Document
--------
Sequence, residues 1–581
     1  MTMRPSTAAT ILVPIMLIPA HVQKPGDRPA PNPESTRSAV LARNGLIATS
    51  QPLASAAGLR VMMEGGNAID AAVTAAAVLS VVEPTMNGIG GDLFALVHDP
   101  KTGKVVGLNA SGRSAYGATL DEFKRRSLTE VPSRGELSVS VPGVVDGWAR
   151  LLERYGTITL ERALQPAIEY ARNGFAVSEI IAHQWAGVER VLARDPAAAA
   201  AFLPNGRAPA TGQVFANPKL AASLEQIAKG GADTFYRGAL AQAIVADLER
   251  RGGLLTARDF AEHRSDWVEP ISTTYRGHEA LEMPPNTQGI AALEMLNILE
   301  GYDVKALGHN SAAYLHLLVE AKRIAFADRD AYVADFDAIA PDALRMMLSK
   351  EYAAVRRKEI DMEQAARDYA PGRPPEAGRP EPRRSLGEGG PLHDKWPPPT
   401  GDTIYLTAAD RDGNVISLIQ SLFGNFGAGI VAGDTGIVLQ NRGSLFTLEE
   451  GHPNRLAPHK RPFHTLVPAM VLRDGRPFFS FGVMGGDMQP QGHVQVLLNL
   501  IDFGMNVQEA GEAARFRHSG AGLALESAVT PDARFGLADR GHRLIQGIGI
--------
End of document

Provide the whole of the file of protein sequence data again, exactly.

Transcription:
Sequence, residues 1–581
     1  MTMRPSTAAT ILVPIMLIPA HVQKPGDRPA PNPESTRSAV LARNGLIATS
    51  QPLASAAGLR VMMEGGNAID AAVTAAAVLS VVEPTMNGIG GDLFALVHDP
   101  KTGKVVGLNA SGRSAYGATL DEFKRRSLTE VPSRGELSVS VPGVVDGWAR
   151  LLERYGTITL ERALQPAIEY ARNGFAVSEI IAHQWAGVER VLARDPAAAA
   201  AFLPNGRAPA TGQVFANPKL AASLEQIAKG GADTFYRGAL AQAIVADLER
   251  RGGLLTARDF AEHRSDWVEP ISTTYRGHEA LEMPPNTQGI AALEMLNILE
   301  GYDVKALGHN SAAYLHLLVE AKRIAFADRD AYVADFDAIA PDALRMMLSK
   351  EYAAVRRKEI DMEQAARDYA PGRPPEAGRP EPRRSLGEGG PLHDKWPPPT
   401  GDTIYLTAAD RDGNVISLIQ SLFGNFGAGI VAGDTGIVLQ NRGSLFTLEE
   451  GHPNRLAPHK RPFHTLVPAM VLRDGRPFFS FGVMGGDMQP QGHVQVLLNL
   501  IDFGMNVQEA GEAARFRHSG AGLALESAVT PDARFGLADR GHRLIQGIGI